Archive for September, 2013

Policy Alert: U.S.-Russia Agreement on Syria’s Chemical Weapons Spark Reaction in Asia

syria2On September 14, the United States and Russia reached a sweeping deal that called for Syria’s chemical weapons to be removed or destroyed by the middle of 2014, ending a political gridlock over American airstrikes that severely divided Washington and the international community. In this Policy Alert, we examine commentary from Russia, China, India, Japan, and South Korea on the U.S.-Russia agreement and Russia’s role in the negotiation process.

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Earlier in the month, President Putin’s New York Times op-ed to Americans on the Syrian crisis and U.S. Senator John McCain’s response to Putin in Russian newspaper Pravda evoked a flurry of analysis and opinion. (more…)

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Policy Alert: Asian Powers Respond to Potential Military Action in Syria

Mideast Jordan SyriaFollowing alleged chemical attacks on Syrians last month, U.S. President Barack Obama has called for punitive military strikes against Syria, generating enormous debate in both the United States and the international community on how to respond. In this Policy Alert, we examine commentary from Russia, China, India, Japan, and South Korea on the implications of possible U.S. military action against Syria.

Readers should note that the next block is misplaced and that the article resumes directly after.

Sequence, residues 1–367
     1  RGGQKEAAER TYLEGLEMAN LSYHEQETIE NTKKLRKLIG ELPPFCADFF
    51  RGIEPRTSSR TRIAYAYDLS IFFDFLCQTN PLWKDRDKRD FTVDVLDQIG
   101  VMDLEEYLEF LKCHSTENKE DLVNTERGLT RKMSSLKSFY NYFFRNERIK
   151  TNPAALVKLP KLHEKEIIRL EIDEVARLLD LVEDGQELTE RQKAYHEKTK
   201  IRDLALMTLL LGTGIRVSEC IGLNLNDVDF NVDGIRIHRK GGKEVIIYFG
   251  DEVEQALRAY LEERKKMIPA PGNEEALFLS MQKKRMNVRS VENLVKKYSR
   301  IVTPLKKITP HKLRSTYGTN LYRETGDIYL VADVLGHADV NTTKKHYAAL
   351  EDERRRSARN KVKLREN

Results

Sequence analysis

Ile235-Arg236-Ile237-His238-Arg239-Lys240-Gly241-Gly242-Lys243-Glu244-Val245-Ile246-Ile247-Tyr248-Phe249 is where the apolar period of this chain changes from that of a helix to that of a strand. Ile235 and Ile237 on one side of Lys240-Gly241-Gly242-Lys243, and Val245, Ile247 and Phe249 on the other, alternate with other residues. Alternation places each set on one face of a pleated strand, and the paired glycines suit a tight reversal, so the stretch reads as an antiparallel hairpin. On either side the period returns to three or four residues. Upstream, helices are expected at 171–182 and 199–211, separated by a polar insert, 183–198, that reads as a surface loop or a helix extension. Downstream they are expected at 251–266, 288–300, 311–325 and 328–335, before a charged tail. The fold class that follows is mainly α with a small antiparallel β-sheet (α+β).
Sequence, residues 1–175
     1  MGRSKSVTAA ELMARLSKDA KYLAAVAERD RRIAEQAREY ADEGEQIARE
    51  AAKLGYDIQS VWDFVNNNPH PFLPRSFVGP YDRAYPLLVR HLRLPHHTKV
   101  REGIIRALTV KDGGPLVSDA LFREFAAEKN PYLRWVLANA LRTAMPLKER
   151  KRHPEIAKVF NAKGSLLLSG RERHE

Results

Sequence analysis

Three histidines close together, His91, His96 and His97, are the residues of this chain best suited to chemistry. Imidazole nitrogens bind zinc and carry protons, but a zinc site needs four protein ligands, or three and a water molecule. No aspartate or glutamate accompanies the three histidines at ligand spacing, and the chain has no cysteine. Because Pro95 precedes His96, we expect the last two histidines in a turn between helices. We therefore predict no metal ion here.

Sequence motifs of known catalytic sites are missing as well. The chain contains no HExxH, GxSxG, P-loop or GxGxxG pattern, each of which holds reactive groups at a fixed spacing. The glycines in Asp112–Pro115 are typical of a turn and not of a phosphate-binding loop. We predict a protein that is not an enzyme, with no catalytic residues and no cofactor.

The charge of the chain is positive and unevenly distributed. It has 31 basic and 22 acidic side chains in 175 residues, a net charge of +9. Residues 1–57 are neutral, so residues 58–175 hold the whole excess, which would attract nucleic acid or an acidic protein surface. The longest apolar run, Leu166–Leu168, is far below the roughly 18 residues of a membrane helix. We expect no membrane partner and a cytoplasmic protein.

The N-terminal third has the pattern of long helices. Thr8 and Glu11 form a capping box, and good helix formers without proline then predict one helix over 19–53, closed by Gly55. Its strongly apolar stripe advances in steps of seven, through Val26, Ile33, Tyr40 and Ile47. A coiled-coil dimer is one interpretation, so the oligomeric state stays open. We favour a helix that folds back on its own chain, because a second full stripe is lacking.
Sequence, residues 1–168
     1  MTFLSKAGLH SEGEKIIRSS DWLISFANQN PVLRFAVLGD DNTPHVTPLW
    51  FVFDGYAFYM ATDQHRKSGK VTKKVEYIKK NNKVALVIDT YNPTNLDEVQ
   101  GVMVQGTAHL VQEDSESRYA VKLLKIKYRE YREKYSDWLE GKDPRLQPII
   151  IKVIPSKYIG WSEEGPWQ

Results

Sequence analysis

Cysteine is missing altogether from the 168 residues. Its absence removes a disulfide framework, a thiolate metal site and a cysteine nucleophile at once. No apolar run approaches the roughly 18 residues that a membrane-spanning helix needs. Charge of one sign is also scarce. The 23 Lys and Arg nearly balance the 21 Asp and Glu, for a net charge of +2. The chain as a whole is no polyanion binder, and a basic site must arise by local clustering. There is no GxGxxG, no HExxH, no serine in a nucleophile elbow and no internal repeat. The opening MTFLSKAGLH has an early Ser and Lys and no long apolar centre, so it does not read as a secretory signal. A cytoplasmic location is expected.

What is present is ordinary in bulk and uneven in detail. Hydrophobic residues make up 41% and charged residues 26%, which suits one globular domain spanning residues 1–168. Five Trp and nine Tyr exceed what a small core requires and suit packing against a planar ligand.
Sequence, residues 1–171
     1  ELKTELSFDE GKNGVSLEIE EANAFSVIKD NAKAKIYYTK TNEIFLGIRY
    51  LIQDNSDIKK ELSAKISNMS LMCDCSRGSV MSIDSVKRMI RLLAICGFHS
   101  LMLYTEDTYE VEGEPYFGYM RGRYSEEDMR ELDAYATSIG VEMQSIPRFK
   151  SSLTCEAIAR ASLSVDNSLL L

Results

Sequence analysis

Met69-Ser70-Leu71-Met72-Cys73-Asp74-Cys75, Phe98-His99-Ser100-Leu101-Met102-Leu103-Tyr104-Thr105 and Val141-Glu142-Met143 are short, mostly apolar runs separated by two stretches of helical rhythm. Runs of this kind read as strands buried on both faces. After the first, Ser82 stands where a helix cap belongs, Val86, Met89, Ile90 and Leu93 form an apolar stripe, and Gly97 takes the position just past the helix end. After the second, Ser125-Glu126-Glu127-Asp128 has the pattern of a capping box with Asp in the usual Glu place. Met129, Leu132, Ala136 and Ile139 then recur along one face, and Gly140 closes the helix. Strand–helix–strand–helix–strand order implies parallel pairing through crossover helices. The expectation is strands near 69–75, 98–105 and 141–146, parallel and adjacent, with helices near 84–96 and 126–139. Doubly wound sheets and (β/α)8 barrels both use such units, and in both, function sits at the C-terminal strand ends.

RUSSIA

Opposing U.S. military strikes against Syria without UN approval, the Russian government urged Syria to place its chemical weapons under international control, stressing the need for a diplomatic, political solution. Commentators generally supported the government’s decision to seek a diplomatic solution, but were at odds over whether negotiations will succeed.

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Policy Brief: How the Pakistan Military Learned to Love the Bomb

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Pakistan is undergoing a period of unprecedented transition after recent elections marked the first time two civilian governments succeeded each other peacefully. The new prime minister, Nawaz Sharif, last held that position when Islamabad tested its first nuclear weapons. While civilian leaders were historically the primary drivers behind the decision to pursue nuclear weapons (something not widely known), the Pakistani military gradually came to value these weapons and eventually dominate the country’s nuclear debate.

Will Pakistan’s emerging civilian government again grapple with control over nuclear decisionmaking? This Policy Brief by Christopher Clary – Stanton Nuclear Security Fellow at the RAND Corporation and a participant in the Rising Powers Initiative’s Nuclear Debates in Asia project – provides an understanding of how control over the Pakistani nuclear arsenal evolved over time and what the future might hold should the civilian government continue to consolidate its power.

 

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